Apple is in the throes of what Silicon Valley calls a corporate comeback campaign. The Performa name is dead and buried. With an advertising campaign to promote what is being billed as the fastest notebook computer in the world, Apple is attempting to dispense with all those vague empowerment messages we've yawned over for years and, instead, paint a picture of a resurgent company with leading-edge technology. Despite the recent doom and gloom about its future, Apple's new range offers some cause for excitement.
The star of Apple's comeback tour is the new PowerBook 3400, a lightning fast PowerPC with a 603e processor (240MegaHertz), built-in Ethernet, hot-swappable expansion bay modules, Apple Location Manager and a stunning four-speaker sound system. The 3400's speed, coupled with an exceptional 12.1-inch active-matrix SVGA screen, makes it the first portable that can be considered a complete and viable desktop replacement. Expansion capabilities are good, allowing the 3400 to accept a variety of add-ons such as CD-Rom drives, additional hard drives, magneto-optical drives, Zip drives, etc. Previous expansion modules from the PowerBook 5300 and 190 series can also be used with the 3400. There are also two slots for PC cards, supporting two Type II or one Type III card, and the 3400 allows you to "hot swap" modules while the system is running rather then shutting down the system prior to the removal or addition of a module.
As mobile multimedia machines, the 3400s excel with a new, uniquely integrated four-speaker sound system, 16-bit stereo audio, PCI video controller with hardware acceleration, VGA connector for 16-bit video out, Zoomed Video support and software-based MPEG 1 decompression. General performance is enhanced with industry standard PCI architecture, Direct Memory Access, faster EDO (Extended Data Output) RAM and lithium-ion batteries that promise two to four hours of normal use and around two hours with CD-Rom.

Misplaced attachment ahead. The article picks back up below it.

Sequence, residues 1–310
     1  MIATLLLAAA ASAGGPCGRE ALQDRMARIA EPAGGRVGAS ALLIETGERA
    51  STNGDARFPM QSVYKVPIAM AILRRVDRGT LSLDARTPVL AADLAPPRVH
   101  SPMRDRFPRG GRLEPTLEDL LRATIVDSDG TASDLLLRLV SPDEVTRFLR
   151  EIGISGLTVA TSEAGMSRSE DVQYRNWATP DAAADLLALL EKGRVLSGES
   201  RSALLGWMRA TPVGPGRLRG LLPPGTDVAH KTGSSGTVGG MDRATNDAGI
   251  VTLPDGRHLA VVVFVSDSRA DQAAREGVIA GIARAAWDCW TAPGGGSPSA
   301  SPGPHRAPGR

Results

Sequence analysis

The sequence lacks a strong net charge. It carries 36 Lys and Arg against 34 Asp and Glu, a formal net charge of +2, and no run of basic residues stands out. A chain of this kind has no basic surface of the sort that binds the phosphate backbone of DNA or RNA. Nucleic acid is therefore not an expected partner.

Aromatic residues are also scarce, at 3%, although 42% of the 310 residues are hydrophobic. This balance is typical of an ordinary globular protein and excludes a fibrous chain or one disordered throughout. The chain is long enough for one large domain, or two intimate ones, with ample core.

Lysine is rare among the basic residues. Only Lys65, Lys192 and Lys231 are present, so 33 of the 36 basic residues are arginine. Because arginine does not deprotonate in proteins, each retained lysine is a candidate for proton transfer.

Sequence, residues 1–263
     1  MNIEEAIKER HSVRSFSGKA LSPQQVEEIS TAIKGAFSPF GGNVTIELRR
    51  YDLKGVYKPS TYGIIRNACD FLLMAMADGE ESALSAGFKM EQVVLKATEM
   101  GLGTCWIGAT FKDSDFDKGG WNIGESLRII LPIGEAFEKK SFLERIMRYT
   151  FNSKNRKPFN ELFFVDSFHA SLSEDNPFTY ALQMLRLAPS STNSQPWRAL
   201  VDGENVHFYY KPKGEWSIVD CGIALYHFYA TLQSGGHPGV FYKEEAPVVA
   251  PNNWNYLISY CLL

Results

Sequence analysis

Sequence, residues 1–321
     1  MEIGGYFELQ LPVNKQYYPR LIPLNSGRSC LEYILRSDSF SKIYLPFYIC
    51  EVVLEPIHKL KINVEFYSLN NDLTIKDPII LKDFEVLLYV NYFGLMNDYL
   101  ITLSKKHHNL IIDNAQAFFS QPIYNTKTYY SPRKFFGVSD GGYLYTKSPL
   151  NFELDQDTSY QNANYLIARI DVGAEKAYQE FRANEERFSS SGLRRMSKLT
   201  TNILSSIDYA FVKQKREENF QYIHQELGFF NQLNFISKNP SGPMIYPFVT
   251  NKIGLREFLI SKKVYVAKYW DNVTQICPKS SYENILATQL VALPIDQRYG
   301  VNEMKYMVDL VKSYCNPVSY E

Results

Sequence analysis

The PowerBook 3400 is the first product to use System 7.6 and comes bundled with software such as the Apple Internet Connect Kit, ARA, Claris Organiser, Web Whacker, etc. A new feature called Apple Location Manager provides a simple system setting switch for different work locations so your PowerBook will automatically re-configure printers, networks, modems, etc, for wherever you happen to be working on start-up.
The 3400 series comes in four configurations (from 180 to 240 MegaHertz) with prices ranging from Pounds 2,849 to Pounds 4,099. For once, Apple seems to have its prices in line with comparable Pentium notebooks. However, in the performance stakes, the 3400 leaves the rest of the competition standing.
For more price-conscious markets, Apple has also launched a new 1400 series (running at 117 to 133 MegaHertz), complete with expansion bays capable of supporting CD-Rom drives etc. Prices start at Pounds 1,649 and there are four configurations. As a mobile solution, the new PowerBooks offer one of the best incentives yet to go on the road. And if Apple can actually manage to sell these new PowerBooks in any quantity, they could drive them a long way down that road to recovery.
* Apple's education outlet is Xemplar. Tel: 01223 724724